The content vision supports the company’s vision statement — this is the WHY of what you do. This helps you stay forward-thinking, true to your beliefs and true to your purpose. Every piece of content you dream up should fly high with your vision statement, from the inception of an ebook to the lofty blog subscriber milestone.
Your company and content need a mission AND a vision
While companies commonly use mission and vision statements interchangeably, it’s important to have both.
One really doesn’t work without the other, especially in the world of content marketing where having purpose and meaning is critical. Get a content mission and a content vision statement down on paper. Share it with your team members. Then you can measure your future content efforts against the two.Your mission statement focuses on today; your vision statement focuses on tomorrow. @BrittSkrabanek Click To Tweet
Brands that get it: examples of mission and vision statements
So, what does a great mission and vision statement look like? These companies are doing it right—they get it. And, they have the customer loyalty to prove it.
Mission: To accelerate the world’s transition to sustainable energy.
Vision: To create the most compelling car company of the 21st century by driving the world’s transition to electric vehicles.
Mission: We strive to offer our customers the lowest possible prices, the best available selection, and the utmost convenience.
Vision: To be Earth’s most customer-centric company, where customers can find and discover anything they might want to buy online.
Mission: Build the best product, cause no unnecessary harm, use business to inspire and implement solutions to the environmental crisis.
Vision: A love of wild and beautiful places demands participation in the fight to save them, and to help reverse the steep decline in the overall environmental health of our planet.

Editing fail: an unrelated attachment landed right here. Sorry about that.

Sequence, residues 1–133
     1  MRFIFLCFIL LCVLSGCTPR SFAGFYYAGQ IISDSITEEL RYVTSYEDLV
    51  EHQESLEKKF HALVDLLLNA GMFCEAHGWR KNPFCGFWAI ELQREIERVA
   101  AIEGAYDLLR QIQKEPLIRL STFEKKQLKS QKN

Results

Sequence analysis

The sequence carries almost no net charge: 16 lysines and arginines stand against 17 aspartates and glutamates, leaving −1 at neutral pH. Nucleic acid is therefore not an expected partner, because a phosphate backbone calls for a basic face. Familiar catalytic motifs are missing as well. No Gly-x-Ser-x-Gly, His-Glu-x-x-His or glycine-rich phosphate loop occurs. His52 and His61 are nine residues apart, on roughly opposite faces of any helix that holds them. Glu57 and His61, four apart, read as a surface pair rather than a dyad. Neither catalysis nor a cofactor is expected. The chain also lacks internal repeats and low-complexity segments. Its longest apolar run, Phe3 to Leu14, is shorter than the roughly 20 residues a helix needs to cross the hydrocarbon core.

Mission: Spread ideas.
Vision: We believe passionately in the power of ideas to change attitudes, lives and, ultimately, the world.
Mission: To connect the world’s professionals to make them more productive and successful.
Vision: To create economic opportunity for every member of the global workforce.
Mission: To organize the world’s information and make it universally accessible and useful.
Vision: To provide access to the world’s information in one click.
Mission: Transportation as reliable as running water, everywhere for everyone.
Vision: Smarter transportation with fewer cars and greater access. Transportation that’s safer, cheaper, and more reliable; transportation that creates more job opportunities and higher incomes for drivers.
Mission: Belong anywhere.
Vision: Tapping into the universal human yearning to belong — the desire to feel welcomed, respected, and appreciated for who you are, no matter where you might be.
The mission statement focuses on today and what we do, and the vision statement focuses on tomorrow and what we want to become. Both are important to a company’s survival. Call it the essence, beating heart, or the defining characteristic — whatever you call it, make sure your your mission and vision are clearly defined and understood for the sake of your content and your company.
Knowing who you are and where you’re going is the foundation of an organization’s success. So, who are you? And, where are you going? Get tips on how the nature of planning itself can help your envisioned goals materialize: Mastering Time Management: The Five Primal Flows of Time.